Dedication of the New River Gorge Bridge

Beckley Post Herald and Register
October 23, 1977

30,000 Attend Dedication Events

By Cathy Clark
Register Reporter

At approximately 1:30 p.m. yesterday, Gov. Jay Rockefeller snipped the yellow ribbon spanning the width of U.S. 19-21, and the world's largest steel arch bridge officially was opened to traffic.

The New River Gorge Bridge was described in various poetic passages by the speakers at the dedication ceremony. Fayetteville Mayor John L. Witt called the bridge a "phenomenal feat of man's ingenuity." "A new wonder of the world" was the description offered by D.M. Roderick, president of U.S. Steel, and Sen. Robert C. Byrd sent a telegram proclaiming the bridge to be "a technical masterpiece."

All dignitaries seemed to agree that the 3,030 foot expanse, built at a cost of approximately $37 million, would be an asset to the state.

Dedication ceremonies began at noon, but the more than 30,000 people present began arriving as early as 5 a.m. to walk across the bridge.

The dedication started with a harmonica rendition of the National Anthem performed by Fayette County native and country and western entertainer, Charlie McCoy. He later performed "Shenandoah," "Amazing Grace" and "Country Roads" with a member of his band, Russ Hicks.

Rockefeller, seated at the center of a platform built to resemble the bridge, with Sen. Jennings Randolph and Master of Ceremonies J. Walter Brown, mayor of Oak Hill, could barely be seen above the sea of heads.

LaFayette Post 149 of the Fayetteville American Legion brought a hush over the crowd as they made the presentation of the color guard, and the ceremony began.

An invocation, delivered by the Rev. Billy Reed Wickline of the Fayetteville United Methodist Church, spoke of the bridge as a "rainbow of promised prosperity and progress."

Following the invocation, Brown, saying he was carrying a briefcase onto the stage "because I never get a second chance to make a good first impression," spoke of the effects the bridge would have the the [sic] surrounding communities.

With an introduction of former governors Arch A. Moore Jr., Hulett C. Smith and Okey L. Patteson, and former commissioners of the State Department of Highways, William S. Ritchie Jr. and Joseph "Speed" Jones, Witt welcomed the group to his community.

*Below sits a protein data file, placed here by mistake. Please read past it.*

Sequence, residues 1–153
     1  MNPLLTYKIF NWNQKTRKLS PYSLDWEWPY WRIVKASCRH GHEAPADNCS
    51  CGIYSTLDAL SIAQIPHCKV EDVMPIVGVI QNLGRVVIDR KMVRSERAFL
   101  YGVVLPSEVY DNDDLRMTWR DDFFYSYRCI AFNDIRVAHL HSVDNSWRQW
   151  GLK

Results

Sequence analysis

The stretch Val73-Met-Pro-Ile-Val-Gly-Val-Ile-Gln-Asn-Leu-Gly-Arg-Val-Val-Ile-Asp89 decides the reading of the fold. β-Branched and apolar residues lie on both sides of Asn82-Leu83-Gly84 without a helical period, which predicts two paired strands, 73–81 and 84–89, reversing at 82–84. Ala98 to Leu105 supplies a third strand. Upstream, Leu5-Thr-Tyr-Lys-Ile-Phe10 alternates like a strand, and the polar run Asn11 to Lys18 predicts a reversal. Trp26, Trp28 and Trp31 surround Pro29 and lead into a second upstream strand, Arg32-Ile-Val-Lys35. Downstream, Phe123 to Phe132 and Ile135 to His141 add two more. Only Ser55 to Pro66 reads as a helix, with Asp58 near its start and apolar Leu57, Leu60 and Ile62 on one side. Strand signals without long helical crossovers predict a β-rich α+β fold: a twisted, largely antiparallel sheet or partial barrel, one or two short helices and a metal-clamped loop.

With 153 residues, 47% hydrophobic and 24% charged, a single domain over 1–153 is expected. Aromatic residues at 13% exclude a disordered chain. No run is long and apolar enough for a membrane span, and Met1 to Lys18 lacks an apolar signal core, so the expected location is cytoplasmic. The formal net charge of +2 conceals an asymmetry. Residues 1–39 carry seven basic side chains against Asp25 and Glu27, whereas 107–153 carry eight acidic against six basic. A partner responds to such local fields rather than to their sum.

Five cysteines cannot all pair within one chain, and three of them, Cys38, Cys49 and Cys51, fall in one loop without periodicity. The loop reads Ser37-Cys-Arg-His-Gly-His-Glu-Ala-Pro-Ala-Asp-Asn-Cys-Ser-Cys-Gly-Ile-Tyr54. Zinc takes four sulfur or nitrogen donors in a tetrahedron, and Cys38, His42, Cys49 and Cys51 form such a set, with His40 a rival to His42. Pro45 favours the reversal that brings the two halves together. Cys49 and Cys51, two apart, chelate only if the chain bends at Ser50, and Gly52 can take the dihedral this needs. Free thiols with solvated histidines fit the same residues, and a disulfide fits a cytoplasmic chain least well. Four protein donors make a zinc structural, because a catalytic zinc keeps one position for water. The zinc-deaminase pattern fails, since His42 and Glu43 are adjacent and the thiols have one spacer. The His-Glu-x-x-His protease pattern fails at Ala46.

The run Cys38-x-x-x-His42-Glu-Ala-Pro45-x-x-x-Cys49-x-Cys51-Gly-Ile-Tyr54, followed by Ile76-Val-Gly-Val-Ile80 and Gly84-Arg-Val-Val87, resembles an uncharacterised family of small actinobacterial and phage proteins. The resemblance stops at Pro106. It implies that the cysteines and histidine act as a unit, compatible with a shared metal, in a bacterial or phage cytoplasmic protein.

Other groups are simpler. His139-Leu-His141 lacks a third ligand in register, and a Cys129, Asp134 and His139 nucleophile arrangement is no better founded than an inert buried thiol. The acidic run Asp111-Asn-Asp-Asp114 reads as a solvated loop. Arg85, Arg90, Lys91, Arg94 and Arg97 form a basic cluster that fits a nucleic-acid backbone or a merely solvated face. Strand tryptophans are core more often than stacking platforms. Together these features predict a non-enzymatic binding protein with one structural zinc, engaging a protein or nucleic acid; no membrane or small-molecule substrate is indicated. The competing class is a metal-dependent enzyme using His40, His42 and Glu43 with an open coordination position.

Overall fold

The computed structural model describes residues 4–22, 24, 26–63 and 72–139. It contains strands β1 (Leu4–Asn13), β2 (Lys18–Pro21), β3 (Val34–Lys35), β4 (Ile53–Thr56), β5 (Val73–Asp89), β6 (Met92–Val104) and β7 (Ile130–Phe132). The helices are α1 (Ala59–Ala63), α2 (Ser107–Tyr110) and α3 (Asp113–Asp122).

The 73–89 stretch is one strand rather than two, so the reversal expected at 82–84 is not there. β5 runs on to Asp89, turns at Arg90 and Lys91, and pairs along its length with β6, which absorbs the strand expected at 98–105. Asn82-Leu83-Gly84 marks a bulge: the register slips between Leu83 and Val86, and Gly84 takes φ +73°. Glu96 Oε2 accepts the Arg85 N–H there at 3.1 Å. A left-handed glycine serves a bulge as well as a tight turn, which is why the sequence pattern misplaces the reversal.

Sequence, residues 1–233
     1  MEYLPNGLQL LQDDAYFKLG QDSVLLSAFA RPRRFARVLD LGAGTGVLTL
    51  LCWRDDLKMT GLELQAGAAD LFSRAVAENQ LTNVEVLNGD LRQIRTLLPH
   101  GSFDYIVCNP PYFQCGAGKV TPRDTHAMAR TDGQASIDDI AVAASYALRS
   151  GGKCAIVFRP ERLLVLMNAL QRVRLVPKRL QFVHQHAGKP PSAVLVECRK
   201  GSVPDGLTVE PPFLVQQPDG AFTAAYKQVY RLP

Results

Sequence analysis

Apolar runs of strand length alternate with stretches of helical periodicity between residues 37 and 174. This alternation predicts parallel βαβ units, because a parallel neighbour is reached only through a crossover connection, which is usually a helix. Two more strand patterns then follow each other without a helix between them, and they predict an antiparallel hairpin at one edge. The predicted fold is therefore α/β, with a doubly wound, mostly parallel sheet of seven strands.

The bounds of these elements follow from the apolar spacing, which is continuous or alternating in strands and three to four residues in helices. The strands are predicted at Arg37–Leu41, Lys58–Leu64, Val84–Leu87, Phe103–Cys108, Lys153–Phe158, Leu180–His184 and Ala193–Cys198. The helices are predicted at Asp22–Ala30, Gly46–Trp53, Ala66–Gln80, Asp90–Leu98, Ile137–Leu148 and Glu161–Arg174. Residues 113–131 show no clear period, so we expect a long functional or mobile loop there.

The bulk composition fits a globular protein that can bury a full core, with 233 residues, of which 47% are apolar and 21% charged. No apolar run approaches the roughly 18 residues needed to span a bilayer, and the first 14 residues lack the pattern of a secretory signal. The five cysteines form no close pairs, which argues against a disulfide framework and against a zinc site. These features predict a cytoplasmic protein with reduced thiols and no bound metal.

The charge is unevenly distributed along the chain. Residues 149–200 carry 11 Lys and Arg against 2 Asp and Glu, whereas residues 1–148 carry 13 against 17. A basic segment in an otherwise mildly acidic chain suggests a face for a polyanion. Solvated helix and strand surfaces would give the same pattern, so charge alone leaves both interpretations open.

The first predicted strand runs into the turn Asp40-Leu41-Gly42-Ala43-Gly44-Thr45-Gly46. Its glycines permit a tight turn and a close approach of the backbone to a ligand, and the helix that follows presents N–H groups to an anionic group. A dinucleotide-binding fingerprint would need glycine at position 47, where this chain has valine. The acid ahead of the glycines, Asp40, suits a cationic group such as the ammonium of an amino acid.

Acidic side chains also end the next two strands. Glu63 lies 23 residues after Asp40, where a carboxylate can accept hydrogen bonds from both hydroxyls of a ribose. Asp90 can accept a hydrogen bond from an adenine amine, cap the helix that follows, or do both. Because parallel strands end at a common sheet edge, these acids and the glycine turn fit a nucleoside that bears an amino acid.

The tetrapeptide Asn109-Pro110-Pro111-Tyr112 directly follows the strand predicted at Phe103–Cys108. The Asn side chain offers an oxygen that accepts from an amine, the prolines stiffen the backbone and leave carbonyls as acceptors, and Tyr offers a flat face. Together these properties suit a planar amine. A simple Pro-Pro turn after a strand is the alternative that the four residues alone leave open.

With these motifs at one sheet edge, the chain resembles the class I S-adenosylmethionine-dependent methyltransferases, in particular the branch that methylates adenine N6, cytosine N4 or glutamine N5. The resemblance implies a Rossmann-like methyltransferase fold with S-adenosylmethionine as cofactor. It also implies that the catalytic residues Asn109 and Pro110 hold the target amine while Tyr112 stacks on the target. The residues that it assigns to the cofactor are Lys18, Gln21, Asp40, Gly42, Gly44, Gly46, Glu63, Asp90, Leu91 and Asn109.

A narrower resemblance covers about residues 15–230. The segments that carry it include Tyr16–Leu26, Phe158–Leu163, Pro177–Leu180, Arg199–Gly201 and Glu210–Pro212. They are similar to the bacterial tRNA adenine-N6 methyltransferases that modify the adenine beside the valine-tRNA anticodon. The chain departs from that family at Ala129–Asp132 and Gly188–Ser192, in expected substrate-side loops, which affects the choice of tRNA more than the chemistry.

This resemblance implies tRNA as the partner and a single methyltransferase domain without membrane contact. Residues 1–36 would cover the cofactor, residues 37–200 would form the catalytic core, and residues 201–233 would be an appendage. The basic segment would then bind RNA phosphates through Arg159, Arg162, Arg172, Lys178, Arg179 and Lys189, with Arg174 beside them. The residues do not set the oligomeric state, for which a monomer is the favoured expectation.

The one and one-half hour dedication included speeches by Roderick, contractor for the bridge, Michael Baker III, chief executive officer of the Michael Baker Corp., design engineer for the bridge, and commissioner Charles L. Miller of the state Department of Highways.

Roy D. Cruikshank, president of the Fayette Plateau Chamber of Commerce, and Speaker Donald L. Kopp of the House of Delegates also spoke.

Sen. Jennings Randolph won the approval of the crowd by saying, "It's great to be in West Virginia."

Randolph asked the crowd to join hands with their neighbor saying, "We are all united in what has been done today and what can be done tomorrow."

Senate President W. T. Brotherton Jr. and Gov. Rockefeller both spoke of the New River as the second oldest river in the world, pointing out that good the bridge will bring to the state.

After the formalities, during which a brief schuffle [sic] to find a pair of scissors took place, Rockefeller, his wife Sharon and a Daily Mail Newspaper contest winner began the long line of cars to cross the newly opened bridge.

The winner, Tom Woods, a Charleston native, named the best reason for wanting to ride with the governor over the bridge.

The crowd did not disperse soon after the dedication.

The Frank Withrow family lingered near the bridge. Frank and Norma Withrow came from Cincinnati to view the opening ceremonies. His parents crossed the smaller bridge, below the new steel structure, in 1925 in a Model T Ford. "We have watched the bridge since it started," the elder Mrs. Withrow pointed out. "It is just magnificent."

"Magnificent." That seemed to be a word everyone was repeating Saturday.